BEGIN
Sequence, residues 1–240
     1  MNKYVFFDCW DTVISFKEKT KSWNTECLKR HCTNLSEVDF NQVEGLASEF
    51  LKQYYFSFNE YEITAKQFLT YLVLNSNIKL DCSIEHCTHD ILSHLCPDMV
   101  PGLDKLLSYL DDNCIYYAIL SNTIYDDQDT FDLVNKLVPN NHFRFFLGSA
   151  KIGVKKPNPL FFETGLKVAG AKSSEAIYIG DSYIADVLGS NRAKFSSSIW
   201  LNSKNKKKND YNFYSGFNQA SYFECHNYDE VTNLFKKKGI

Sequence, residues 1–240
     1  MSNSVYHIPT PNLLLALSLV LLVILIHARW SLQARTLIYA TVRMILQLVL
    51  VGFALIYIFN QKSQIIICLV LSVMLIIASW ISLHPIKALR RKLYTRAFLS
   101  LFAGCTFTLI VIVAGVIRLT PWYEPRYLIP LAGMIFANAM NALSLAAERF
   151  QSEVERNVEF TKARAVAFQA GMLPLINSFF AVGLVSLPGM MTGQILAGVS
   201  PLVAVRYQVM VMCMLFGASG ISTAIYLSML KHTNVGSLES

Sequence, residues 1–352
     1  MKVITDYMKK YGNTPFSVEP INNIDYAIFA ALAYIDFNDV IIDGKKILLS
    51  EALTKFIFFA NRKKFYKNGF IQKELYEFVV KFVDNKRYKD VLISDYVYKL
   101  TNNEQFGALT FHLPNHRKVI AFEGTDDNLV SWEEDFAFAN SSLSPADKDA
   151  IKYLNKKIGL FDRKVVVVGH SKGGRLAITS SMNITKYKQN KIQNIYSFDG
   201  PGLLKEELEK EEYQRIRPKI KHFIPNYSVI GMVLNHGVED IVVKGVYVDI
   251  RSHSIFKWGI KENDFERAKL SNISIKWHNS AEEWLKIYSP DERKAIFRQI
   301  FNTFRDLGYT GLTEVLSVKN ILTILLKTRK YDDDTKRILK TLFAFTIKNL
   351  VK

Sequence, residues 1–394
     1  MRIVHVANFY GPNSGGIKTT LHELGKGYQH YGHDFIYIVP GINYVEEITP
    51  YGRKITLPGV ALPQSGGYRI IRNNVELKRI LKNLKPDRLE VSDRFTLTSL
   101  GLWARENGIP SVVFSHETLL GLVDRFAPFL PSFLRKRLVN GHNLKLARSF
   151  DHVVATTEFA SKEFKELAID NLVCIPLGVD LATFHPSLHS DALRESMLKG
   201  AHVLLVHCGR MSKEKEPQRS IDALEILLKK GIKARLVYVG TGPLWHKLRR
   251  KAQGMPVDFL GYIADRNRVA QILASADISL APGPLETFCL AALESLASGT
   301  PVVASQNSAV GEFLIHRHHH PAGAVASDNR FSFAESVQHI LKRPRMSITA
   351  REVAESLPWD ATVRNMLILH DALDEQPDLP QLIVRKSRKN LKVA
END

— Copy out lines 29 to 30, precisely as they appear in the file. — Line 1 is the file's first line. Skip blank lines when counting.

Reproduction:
   301  PVVASQNSAV GEFLIHRHHH PAGAVASDNR FSFAESVQHI LKRPRMSITA
   351  REVAESLPWD ATVRNMLILH DALDEQPDLP QLIVRKSRKN LKVA